TV and film have made blue-collar life a punchline and country music has turned it into a cartoon, but Peter Karp paints a different picture of blue-collar people and blue-collar living. The people he sings about aren't filled with the passion for dumbness celebrated and exhibited by certain comedians. They aren't awash in sophistication nor are they bereft of it. They find joy in the simple things but they're not simpletons. His great strength is in his ability to relate to these ordinary people and situations with wit and humor without talking down to anyone.
While wisdom, knowledge, truth, and fact are sometimes treated as synonyms in the imprecise usage of every day conversation, they are all quite different in the way they relate to one another. No test will ever accurately measure intelligence. It just can't be done. Take the chorus to the title track of Peter Karp's Shadows And Cracks, my 2007 Album Of The Year.
An old fool once cried to me,
'You got fat in them books of facts.'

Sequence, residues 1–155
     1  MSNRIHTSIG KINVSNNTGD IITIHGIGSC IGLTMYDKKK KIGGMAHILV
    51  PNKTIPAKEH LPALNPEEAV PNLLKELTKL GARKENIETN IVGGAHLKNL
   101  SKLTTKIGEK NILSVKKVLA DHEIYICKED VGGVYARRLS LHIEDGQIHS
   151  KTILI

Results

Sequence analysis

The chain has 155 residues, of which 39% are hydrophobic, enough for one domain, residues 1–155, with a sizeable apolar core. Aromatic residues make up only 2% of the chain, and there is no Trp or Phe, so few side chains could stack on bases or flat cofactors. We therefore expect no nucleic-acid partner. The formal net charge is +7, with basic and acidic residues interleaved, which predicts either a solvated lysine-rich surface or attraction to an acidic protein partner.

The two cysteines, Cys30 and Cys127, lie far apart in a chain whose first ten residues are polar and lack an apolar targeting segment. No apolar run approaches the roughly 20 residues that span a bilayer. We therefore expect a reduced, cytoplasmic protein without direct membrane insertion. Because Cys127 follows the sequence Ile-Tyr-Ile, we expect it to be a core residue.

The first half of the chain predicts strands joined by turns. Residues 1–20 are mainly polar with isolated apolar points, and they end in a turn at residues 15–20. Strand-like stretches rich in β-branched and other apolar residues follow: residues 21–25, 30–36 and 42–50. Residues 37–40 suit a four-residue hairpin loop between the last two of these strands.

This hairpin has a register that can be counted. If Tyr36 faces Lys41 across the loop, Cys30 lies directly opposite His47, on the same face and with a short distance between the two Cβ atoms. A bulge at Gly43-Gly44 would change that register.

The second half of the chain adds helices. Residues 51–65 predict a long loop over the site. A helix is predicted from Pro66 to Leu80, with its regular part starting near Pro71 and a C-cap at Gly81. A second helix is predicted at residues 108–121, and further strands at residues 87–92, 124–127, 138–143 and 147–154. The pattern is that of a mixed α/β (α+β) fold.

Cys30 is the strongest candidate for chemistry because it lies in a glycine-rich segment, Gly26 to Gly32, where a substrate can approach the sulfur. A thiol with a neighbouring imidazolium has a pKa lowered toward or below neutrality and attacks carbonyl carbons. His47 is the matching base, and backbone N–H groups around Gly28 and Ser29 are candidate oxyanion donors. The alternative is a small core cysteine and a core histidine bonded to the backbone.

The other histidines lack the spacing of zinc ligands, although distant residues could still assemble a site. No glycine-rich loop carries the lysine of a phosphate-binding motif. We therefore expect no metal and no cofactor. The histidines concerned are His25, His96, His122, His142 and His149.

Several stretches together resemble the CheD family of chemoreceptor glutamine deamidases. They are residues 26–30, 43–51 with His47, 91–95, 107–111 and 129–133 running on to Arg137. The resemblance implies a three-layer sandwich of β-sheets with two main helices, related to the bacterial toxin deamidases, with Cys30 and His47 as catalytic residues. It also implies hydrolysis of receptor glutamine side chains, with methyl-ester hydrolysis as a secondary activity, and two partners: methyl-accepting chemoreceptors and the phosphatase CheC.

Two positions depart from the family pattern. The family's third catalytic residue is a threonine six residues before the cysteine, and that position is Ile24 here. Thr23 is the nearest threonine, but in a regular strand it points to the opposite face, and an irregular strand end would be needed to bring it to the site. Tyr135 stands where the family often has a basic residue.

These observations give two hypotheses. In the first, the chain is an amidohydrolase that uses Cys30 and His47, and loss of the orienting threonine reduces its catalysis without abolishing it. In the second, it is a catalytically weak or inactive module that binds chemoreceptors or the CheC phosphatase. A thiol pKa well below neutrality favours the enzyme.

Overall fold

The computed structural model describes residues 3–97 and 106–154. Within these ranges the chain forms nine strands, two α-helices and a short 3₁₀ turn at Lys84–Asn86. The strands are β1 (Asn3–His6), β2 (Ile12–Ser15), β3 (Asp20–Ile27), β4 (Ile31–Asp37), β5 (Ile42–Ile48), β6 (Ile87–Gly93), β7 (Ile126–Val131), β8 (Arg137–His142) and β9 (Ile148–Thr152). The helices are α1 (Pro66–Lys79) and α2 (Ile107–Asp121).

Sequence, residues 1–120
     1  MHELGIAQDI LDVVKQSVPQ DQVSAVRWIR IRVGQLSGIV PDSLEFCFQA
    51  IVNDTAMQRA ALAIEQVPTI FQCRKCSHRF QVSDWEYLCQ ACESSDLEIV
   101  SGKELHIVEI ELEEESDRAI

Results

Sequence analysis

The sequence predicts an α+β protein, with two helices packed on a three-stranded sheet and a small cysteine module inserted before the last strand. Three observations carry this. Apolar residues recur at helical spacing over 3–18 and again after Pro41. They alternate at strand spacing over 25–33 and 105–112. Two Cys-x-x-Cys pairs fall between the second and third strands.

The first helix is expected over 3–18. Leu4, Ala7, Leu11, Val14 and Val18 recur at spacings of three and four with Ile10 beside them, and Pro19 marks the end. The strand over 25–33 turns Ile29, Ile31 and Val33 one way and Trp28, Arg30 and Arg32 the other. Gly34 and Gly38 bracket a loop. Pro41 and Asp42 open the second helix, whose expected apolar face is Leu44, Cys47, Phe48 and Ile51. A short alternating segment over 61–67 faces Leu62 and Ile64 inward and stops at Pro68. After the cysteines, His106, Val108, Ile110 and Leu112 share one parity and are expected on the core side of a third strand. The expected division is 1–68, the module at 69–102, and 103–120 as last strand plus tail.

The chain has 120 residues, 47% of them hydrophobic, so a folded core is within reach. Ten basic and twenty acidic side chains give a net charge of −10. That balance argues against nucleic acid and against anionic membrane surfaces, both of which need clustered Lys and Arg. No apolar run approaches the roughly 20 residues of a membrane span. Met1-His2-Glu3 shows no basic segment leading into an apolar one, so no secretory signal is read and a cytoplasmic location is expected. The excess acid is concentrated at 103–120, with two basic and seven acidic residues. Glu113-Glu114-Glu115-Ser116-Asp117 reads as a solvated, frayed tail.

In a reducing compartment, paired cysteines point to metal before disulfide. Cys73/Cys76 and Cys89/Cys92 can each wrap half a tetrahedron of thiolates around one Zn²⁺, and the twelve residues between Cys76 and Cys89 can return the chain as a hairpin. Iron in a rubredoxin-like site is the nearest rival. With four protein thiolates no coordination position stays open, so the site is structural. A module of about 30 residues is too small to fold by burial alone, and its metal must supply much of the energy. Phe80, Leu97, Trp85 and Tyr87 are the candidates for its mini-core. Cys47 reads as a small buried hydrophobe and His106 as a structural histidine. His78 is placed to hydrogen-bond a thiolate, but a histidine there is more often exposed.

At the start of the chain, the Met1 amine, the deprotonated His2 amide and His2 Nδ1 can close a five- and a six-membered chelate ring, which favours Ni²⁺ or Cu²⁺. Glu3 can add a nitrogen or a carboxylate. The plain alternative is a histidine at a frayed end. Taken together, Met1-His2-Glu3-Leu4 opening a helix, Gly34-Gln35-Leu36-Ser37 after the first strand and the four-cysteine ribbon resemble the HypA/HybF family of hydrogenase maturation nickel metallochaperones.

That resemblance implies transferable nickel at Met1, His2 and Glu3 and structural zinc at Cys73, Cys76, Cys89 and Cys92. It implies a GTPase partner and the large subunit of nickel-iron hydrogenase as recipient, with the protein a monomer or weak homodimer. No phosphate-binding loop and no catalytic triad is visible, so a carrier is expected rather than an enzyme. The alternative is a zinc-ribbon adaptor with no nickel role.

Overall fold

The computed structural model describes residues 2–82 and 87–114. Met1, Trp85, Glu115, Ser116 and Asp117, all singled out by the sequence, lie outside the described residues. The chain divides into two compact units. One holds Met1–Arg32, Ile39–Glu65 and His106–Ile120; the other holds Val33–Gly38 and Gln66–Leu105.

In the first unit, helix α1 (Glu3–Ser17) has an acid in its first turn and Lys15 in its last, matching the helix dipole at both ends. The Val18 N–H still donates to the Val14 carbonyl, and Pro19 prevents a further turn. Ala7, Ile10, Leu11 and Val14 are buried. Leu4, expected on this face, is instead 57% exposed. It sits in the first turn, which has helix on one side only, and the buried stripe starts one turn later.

Wild-eyed he whispered to me,
'All you need to know is in between the
shadows and the cracks.'
Maybe I'm splitting hairs, staring so hard at each word they're creating optical and literary illusions but it's an imaginative use of dissonance presented in a plainspoken tongue. Fool and wisdom might seem contradictory and they are but the implied age of this old fool makes it entirely possible for the man to have gained a little wisdom through his life's experiences. Then again he may not be wrong about being able to see between the shadows and the cracks, maybe he's foolish to dismiss the book of facts.
That's what makes Peter Karp so great to listen to and read. You have to read the fine print.